BOOK OF CHRISTMAS - online book

The Customs, Ceremonies, Traditions, Superstitions, Fun, Feeling,
And Festivities Of The Christmas Season.

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S t                                  THE BOOK OF CHRISTMAS.
land,—and the Christmas time a merry time, throughout its length and breadth,—in the days of queen Elizabeth.
Nay, out of this very anxiety to minister to the craving vanity of a weak and worthless woman,—the devices to which it gave rise,—and the laborers whom it called into action,—have arisen results which are not amongst the lerst happy or important of those, by its connexion with which the Christmas festival stands recommended. Under these impulses, the old dramatic enter­tainments,—of which we shall have occasion to speak more at large hereafter,—took a higher character and assumed a more consistent form. The first regular English tragedy, called " Fer-rex and Porrex," and the entertainment of" Gammer Gurton's Needle," were both productions of the early period of this queen's reign :—and amid the crowd of her worshippers (alas ! that it is so !) rose up—with the star upon his forehead which is to burn for all time,—the very first of all created beings, William Shak­speare. These are amongst the strange anomalies which the world, as it is constituted, so often presents ; and must present, at times, constitute it how we will.—Shakspeare doing homage to Queen Elizabeth !—The loftiest genius and the noblest heart that have yet walked this earth, in a character merely human, bowing down before this woman, with the soul of a milliner, and no heart at all!—The " bright particular star " humbling itself before the temporal crown !—The swayer of hearts, the ruler of all men's minds, in virtue of his own transcendent nature, recognizing the supremacy of this overgrown child, because she presided over the temporalities of a half-emancipated nation, by rights derived to her from others, and sanctioned by no qualities of her own !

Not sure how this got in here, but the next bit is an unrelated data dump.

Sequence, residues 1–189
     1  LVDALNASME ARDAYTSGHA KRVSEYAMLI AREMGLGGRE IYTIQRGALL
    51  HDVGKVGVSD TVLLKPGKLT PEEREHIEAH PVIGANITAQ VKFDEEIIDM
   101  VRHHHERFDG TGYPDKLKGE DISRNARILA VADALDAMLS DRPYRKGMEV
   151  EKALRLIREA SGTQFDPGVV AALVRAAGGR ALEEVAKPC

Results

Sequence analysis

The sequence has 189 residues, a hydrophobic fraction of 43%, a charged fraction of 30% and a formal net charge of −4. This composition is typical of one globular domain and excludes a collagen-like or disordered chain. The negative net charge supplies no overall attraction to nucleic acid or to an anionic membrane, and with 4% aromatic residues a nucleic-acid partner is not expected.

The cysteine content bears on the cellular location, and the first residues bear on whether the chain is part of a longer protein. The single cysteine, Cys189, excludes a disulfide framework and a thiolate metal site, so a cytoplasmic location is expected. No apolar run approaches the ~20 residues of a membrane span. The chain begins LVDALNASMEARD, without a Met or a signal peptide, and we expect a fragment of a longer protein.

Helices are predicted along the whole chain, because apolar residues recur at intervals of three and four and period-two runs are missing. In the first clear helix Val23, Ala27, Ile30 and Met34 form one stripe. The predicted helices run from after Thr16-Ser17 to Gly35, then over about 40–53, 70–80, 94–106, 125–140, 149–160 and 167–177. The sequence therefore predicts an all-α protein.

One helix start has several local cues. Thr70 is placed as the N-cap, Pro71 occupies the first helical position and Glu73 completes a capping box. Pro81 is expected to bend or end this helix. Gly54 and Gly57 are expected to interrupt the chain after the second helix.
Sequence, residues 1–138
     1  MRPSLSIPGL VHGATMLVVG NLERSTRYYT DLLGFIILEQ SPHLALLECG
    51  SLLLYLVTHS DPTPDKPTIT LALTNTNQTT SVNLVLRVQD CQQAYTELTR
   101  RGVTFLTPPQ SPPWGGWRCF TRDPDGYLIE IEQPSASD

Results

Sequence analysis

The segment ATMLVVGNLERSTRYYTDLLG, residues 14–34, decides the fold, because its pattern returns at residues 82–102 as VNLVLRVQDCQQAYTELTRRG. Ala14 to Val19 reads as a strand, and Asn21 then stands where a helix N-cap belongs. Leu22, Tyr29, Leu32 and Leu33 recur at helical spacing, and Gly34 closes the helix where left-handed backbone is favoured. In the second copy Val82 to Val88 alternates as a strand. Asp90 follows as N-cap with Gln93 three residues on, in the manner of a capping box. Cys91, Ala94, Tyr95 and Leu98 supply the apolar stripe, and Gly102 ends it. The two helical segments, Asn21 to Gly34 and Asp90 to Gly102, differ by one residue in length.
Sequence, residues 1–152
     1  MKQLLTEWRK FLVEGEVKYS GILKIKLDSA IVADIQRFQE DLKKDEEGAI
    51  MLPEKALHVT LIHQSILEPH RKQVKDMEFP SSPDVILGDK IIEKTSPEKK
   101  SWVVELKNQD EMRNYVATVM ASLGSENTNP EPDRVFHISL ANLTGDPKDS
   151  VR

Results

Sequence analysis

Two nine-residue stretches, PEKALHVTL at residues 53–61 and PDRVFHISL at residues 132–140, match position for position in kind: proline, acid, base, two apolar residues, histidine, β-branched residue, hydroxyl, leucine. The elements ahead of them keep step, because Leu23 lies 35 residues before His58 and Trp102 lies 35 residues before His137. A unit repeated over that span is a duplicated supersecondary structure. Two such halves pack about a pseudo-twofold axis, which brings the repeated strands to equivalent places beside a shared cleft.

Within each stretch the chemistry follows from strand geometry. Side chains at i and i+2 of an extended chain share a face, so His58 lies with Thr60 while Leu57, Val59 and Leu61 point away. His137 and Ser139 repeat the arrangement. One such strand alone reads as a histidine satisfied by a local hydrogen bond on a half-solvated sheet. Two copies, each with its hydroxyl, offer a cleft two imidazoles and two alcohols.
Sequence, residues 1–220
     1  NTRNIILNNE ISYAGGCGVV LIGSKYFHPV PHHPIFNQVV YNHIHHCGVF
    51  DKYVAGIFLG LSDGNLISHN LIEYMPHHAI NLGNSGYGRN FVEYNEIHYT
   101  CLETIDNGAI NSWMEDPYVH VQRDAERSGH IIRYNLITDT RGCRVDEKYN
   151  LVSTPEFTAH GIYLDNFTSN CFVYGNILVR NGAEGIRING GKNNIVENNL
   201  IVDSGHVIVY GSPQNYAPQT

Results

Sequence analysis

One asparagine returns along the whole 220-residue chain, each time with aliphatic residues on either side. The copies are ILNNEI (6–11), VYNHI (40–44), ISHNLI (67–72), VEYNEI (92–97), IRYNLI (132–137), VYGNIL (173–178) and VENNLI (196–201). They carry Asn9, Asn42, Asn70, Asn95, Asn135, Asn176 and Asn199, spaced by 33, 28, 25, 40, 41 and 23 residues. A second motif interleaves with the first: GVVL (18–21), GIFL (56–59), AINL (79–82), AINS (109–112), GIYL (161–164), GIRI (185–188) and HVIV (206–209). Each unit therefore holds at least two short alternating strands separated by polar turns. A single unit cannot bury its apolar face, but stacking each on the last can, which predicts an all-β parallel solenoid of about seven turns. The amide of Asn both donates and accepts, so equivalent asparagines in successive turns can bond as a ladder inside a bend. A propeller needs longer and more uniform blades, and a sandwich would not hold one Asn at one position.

And yet, if to the low passions of this vulgar queen, and the patronage which they led her to extend to all who could best minister to their gratification, we owe any part of that develop­ment by which this consummate genius expanded itself,—then do we stand, in some degree, indebted to her, for one of the greatest boons which has been bestowed upon the human race; and—as between her and mankind in general (for the accounts between her and individuals,—and still more that between her and God,— stand uninfluenced by this item), there is a large amount of good to be placed to her credit. Agair.st her follies of a day there
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